Reports last night had said the president would not be attending because he was concerned about a hostile reception, a lack of "bells and whistles" and the fact he would not be able to meet the Queen.
Mr Trump then tweeted this morning to confirm he would indeed not be gracing the opening with his presence, and offered an explanation for his decision.
"Reason I canceled my trip to London is that I am not a big fan of the Obama Administration having sold perhaps the best located and finest embassy in London for “peanuts,” only to build a new one in an off location for 1.2 billion dollars," the President said.
"Bad deal. Wanted me to cut ribbon-NO!"
The US announced plans to move to the new site in October 2008 - when George W Bush was in the White House.
On the embassy web page about the project, it said: "The project has been funded entirely by the proceeds of the sale of other US Government properties in London, not through appropriated funds."
Mr Trump is understood to be sending US Secretary of State Rex Tillerson instead.
Downing Street declined to comment on the particular case but reports suggested No 10 was aware the “working visit” had been postponed.
British Government sources said they had never officially been informed of a date for Mr Trump to make a visit, but speculation had suggested he would formally open the new £750m embassy at a ceremony in February.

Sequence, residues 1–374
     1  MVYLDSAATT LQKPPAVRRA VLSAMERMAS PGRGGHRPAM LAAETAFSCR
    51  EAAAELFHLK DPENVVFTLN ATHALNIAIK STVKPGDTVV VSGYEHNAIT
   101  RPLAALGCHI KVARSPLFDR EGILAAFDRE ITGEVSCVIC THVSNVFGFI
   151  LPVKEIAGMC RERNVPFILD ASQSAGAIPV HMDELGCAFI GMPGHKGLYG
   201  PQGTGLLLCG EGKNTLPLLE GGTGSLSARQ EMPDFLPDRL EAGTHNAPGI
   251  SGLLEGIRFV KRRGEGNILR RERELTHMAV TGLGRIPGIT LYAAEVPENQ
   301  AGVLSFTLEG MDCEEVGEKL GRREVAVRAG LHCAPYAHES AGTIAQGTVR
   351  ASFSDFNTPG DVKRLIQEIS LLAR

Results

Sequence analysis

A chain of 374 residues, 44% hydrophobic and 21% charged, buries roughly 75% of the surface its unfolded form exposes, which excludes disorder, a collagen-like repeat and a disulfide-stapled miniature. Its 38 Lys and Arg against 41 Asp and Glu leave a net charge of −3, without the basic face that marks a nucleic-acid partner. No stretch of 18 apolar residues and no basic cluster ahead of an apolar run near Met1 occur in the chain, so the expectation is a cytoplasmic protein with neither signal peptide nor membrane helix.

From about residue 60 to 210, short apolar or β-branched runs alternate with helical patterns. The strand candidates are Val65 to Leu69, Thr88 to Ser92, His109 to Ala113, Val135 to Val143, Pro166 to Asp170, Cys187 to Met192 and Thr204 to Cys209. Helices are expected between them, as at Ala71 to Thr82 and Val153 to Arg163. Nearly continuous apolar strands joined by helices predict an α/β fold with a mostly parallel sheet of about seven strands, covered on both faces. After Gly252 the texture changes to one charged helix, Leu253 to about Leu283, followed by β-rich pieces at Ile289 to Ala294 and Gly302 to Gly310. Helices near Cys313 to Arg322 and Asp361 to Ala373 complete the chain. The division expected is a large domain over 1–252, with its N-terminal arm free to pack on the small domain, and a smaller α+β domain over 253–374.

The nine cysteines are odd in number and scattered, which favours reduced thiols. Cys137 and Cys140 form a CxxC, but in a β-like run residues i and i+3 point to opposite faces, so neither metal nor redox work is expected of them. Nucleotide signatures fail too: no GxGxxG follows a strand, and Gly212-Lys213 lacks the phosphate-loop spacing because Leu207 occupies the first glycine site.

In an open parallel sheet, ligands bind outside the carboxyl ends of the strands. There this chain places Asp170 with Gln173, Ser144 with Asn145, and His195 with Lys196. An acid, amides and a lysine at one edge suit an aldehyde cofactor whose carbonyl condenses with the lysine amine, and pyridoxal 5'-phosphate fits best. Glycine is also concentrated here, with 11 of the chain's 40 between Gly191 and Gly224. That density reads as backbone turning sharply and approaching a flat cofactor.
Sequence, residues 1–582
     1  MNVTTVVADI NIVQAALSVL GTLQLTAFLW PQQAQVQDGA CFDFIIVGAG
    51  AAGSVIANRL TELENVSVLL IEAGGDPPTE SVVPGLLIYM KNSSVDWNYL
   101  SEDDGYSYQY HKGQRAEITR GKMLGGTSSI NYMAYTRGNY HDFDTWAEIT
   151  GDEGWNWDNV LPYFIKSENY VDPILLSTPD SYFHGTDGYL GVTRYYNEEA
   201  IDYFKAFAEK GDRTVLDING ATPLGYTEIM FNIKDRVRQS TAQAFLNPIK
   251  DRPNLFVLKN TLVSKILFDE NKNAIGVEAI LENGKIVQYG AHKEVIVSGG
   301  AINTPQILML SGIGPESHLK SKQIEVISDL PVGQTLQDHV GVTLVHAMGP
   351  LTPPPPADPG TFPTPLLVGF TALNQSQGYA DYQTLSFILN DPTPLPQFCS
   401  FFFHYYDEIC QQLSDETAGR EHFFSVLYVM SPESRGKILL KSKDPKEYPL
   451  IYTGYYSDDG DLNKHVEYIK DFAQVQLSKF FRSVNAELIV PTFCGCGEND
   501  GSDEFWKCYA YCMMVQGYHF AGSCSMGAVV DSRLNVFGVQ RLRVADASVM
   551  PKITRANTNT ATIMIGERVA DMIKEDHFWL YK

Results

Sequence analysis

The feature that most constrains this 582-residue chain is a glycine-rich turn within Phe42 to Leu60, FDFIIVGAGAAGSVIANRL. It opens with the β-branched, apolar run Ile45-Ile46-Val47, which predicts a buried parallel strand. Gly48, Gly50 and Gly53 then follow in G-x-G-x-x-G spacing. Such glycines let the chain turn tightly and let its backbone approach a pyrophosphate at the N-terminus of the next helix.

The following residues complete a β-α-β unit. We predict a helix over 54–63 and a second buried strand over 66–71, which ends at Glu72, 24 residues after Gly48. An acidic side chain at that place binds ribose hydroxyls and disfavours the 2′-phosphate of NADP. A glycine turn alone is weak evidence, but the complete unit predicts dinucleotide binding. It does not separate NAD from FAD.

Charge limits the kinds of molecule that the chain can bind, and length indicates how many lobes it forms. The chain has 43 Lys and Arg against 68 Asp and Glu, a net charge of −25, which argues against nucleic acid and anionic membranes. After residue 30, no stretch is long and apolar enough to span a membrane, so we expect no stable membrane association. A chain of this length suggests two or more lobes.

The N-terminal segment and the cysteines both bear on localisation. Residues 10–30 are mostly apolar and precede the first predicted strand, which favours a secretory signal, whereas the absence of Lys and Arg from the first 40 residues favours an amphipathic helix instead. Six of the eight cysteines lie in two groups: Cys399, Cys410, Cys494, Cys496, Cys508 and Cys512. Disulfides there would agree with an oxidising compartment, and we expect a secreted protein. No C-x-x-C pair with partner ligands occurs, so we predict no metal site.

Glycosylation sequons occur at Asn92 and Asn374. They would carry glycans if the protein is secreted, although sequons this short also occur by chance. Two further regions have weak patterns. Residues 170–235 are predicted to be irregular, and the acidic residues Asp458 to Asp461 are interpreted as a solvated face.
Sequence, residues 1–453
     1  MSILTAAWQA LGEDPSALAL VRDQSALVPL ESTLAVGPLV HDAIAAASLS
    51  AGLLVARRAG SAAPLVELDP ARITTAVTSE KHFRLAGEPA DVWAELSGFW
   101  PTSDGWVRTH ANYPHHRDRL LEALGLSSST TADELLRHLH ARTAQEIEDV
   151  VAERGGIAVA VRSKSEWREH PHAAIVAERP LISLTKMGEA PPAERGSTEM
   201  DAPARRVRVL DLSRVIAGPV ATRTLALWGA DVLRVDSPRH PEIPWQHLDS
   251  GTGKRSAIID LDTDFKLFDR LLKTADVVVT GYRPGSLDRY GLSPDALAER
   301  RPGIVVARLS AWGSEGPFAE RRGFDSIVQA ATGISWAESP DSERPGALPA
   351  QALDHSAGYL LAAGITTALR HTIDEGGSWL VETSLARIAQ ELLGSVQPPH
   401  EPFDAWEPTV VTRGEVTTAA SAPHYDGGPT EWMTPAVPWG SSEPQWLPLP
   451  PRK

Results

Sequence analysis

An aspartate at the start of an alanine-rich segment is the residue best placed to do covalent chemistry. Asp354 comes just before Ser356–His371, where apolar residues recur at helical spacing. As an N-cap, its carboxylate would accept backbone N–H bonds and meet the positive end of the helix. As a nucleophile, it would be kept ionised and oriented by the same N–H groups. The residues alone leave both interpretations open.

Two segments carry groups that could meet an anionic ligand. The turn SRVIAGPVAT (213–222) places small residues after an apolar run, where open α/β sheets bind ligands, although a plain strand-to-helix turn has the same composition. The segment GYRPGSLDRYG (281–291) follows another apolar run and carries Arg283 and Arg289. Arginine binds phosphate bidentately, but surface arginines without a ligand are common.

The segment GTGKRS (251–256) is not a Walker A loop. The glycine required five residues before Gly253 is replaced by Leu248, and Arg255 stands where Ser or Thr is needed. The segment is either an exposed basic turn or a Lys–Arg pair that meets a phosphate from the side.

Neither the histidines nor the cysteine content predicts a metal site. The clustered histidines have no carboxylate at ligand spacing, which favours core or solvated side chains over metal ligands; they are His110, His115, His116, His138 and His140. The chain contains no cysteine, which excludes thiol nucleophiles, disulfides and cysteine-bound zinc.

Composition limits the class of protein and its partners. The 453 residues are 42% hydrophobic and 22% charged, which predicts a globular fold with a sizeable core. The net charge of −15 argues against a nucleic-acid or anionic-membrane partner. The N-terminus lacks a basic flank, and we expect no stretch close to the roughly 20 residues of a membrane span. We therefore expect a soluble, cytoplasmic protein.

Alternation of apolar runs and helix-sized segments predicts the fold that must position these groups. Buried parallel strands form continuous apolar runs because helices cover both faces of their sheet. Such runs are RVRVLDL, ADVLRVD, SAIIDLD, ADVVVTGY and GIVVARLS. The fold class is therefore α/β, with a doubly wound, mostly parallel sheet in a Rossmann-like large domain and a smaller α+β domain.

The new building will open for business on 16 January.
The President had reportedly been due to meet with Prime Minister Theresa May at No 10, with 26 and 27 February provisionally scheduled in the diary. Downing Street had hoped to firm up the dates this week, the Daily Mail reported.
The decision is in contrast to comments made by the US Ambassador to the UK, Woody Johnson, at the end of last year that Mr Trump was planning to visit in the new year, and comments by Ms May last week that he "will be coming to this country".
Ms May controversially extended the offer of a state visit when she became the first world leader to meet Mr Trump in the White House following his inauguration last year.
Since then, however, the President has indicated he does not want to take up the invitation if he is going to face mass demonstrations.
Last month Labour leader Jeremy Corbyn called for his supporters to go out in force to send Mr Trump a "clear message" that he is not welcome if he comes to the UK.
The opposition to his visit meant the original plan for an official state visit, which would include a chance for Mr Trump to meet the Queen, was downgraded to a "working visit" which carries much less prestige.
In addition, Ms May and Mr Trump fell out spectacularly in November over his retweeting of anti-Muslim videos posted online by the deputy leader of the far-right Britain First group, Jayda Fransen.
At the time, the PM said Mr Trump was "wrong" to retweet the videos, and the US president hit back at Ms May on Twitter by telling her to focus on "destructive radical Islamic terrorism" in the UK, rather than on him.
The White House has yet to respond to The Independent's request for comment.
Additional reporting by PA
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